North Korean leader Kim Jong-il has apologized to China and reassured his powerful neighbor that he has no plans to conduct further nuclear tests, according to reports on Friday that suggest Pyongyang is backing down in the face of unprecedented pressure from a historic ally.
Amid tightening of financial sanctions and growing international isolation, Kim was quoted as telling a senior Chinese envoy on Thursday that he was prepared to return to the negotiating table and compromise with the US.
Despite longstanding differences in their approaches to Pyongyang, the governments of China, South Korea, Japan and Russia have come together in condemning the North's nuclear test.
The biggest shift has been evident in China, a vital source of oil, food and, until this year, diplomatic and economic support for the North.
Beijing has gone much further than many expected in implementing UN sanctions, which ban shipments of weapons of mass destruction, trade in related materials, luxury goods and the freezing of accounts connected to the nuclear program.
As well as tighter cargo checks at the main border crossing of Dandong, China has ordered at least four banks to freeze money transfers to North Korea.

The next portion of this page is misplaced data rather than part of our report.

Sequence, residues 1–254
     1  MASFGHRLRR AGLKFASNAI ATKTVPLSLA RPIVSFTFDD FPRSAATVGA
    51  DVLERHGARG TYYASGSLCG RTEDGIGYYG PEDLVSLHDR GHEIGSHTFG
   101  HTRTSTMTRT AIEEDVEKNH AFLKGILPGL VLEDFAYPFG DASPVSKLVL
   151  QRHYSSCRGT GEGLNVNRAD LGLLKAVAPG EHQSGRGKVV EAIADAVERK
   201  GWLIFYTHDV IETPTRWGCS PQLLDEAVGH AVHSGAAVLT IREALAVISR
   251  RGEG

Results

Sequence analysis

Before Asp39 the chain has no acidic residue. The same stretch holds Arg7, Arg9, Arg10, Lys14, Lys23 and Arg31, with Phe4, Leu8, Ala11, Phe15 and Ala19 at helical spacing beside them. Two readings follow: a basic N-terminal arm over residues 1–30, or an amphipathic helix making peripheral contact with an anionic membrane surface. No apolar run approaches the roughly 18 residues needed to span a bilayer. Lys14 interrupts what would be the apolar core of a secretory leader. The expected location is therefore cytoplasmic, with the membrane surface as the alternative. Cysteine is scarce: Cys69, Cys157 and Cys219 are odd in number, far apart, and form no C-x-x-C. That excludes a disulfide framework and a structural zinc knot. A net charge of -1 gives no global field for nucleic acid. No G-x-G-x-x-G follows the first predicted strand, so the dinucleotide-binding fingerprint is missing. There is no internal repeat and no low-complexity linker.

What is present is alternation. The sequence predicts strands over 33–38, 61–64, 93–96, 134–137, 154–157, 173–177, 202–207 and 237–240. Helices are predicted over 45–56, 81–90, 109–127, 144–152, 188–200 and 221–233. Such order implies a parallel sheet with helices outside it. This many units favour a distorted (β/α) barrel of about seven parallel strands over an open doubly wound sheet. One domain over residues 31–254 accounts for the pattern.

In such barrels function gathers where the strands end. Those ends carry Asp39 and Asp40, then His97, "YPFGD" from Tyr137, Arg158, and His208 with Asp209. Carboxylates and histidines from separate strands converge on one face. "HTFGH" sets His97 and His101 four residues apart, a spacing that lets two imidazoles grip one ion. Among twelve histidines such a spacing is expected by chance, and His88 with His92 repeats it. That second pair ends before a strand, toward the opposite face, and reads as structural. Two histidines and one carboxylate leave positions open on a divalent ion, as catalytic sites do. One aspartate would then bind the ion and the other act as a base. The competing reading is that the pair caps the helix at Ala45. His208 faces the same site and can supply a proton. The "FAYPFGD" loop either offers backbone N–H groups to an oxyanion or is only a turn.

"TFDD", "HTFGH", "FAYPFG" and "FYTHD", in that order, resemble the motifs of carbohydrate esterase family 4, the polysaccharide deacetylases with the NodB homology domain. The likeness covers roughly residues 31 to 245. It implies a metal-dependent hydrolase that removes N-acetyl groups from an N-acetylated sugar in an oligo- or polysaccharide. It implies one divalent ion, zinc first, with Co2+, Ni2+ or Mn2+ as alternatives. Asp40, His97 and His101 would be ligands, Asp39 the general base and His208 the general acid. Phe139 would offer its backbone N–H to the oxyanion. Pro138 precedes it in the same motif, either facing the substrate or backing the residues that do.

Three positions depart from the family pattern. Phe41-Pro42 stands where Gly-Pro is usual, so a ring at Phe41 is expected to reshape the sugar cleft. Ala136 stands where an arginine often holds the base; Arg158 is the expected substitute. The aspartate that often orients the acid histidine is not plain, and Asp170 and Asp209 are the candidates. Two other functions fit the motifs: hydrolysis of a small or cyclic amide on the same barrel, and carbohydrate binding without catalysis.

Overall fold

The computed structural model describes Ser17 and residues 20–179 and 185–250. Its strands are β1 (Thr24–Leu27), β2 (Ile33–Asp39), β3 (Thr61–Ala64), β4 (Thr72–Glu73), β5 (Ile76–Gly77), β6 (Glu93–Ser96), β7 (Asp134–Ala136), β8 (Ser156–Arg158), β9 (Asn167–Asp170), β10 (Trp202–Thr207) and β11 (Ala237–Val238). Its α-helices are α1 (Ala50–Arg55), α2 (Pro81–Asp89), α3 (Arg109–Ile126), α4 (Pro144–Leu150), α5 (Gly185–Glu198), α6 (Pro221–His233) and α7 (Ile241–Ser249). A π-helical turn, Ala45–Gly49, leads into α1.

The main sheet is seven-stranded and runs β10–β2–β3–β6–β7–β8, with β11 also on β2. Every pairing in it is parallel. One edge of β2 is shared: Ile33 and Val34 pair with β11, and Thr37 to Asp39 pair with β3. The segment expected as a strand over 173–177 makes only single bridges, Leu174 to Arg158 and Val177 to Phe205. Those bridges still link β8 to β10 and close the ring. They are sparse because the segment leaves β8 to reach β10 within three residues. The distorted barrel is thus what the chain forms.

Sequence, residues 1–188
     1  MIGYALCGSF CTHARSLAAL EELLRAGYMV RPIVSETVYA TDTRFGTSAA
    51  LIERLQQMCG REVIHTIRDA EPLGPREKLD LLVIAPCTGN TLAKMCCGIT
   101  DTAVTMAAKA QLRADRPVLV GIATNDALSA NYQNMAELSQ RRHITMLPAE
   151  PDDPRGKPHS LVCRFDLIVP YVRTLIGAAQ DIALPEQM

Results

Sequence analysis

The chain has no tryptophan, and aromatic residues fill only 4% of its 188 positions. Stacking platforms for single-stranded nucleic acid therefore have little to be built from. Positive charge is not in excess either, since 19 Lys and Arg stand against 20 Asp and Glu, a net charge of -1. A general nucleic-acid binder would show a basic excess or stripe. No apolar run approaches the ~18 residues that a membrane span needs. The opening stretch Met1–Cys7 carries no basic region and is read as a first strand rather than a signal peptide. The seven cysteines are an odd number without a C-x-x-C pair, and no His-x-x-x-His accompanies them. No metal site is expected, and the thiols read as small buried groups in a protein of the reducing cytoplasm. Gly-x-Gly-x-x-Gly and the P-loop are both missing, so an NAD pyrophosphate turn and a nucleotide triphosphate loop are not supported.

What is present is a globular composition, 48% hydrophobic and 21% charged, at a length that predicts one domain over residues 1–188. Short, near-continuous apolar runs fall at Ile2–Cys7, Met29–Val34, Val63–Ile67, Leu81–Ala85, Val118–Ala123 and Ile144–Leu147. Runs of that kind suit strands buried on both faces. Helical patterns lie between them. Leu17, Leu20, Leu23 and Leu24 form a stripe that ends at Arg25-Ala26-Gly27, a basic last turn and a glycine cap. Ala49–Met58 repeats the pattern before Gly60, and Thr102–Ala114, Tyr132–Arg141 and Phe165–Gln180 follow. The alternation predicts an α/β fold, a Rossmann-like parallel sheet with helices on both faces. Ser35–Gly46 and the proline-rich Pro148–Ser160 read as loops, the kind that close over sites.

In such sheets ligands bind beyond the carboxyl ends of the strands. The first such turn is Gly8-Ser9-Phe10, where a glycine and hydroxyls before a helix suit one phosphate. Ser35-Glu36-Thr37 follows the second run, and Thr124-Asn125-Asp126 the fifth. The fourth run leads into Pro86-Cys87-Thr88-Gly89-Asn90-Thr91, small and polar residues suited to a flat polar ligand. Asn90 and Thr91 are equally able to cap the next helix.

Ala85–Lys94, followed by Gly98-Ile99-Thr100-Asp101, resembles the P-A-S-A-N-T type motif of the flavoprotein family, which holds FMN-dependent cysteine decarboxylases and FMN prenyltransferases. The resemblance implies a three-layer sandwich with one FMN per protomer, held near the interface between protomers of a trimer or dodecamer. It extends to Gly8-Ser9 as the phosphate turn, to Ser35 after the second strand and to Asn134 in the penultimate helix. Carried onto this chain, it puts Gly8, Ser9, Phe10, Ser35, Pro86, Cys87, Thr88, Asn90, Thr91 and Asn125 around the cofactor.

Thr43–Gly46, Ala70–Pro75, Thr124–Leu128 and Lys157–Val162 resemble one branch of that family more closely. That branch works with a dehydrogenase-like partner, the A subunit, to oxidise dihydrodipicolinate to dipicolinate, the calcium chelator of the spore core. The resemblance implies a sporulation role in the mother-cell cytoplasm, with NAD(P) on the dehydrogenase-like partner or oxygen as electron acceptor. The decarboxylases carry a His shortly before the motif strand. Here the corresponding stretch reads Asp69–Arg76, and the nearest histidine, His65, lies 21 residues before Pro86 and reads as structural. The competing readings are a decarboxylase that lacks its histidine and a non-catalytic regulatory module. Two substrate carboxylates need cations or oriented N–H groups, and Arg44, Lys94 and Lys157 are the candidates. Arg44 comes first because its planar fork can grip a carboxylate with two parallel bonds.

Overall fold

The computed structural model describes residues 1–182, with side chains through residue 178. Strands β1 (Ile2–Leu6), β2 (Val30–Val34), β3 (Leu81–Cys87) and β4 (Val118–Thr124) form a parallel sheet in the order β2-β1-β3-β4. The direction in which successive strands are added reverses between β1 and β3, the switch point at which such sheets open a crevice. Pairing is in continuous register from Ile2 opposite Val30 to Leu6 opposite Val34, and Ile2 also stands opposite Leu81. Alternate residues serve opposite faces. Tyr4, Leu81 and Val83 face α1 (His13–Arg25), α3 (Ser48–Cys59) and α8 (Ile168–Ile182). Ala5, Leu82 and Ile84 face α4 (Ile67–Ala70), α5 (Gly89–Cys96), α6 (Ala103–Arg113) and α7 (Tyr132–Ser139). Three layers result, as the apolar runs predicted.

According to the New York Times, it is also threatening to cut low-cost oil supplies in a cross-border pipeline that is thought to provide more than 80 percent of North Korea's needs.
This leverage appeared to have paid off on Friday when China's special envoy to Pyongyang, Tang Jiaxuan (
According to South Korea's Chosun Ilbo newspaper, Kim expressed remorse for putting China in a difficult situation and demonstrated a willingness to compromise.
"If the US makes a concession to some degree, we will also make a concession to some degree, whether it be bilateral talks or six-party talks," the North Korean leader was quoted as saying by an unnamed diplomatic source in Beijing.
China has yet to confirm the reports, but the foreign ministry in Beijing said the meeting focused on ways to restart the six-country negotiating process
A Chinese foreign affairs analyst said Kim had underestimated China.
"North Korea's aim was to stir up international attention. They thought that would increase their bargaining power in the talks, but the situation did not turn out in the way they hoped," said Wang Lingyi, a researcher at the Shanghai Aca-demy of Social Science.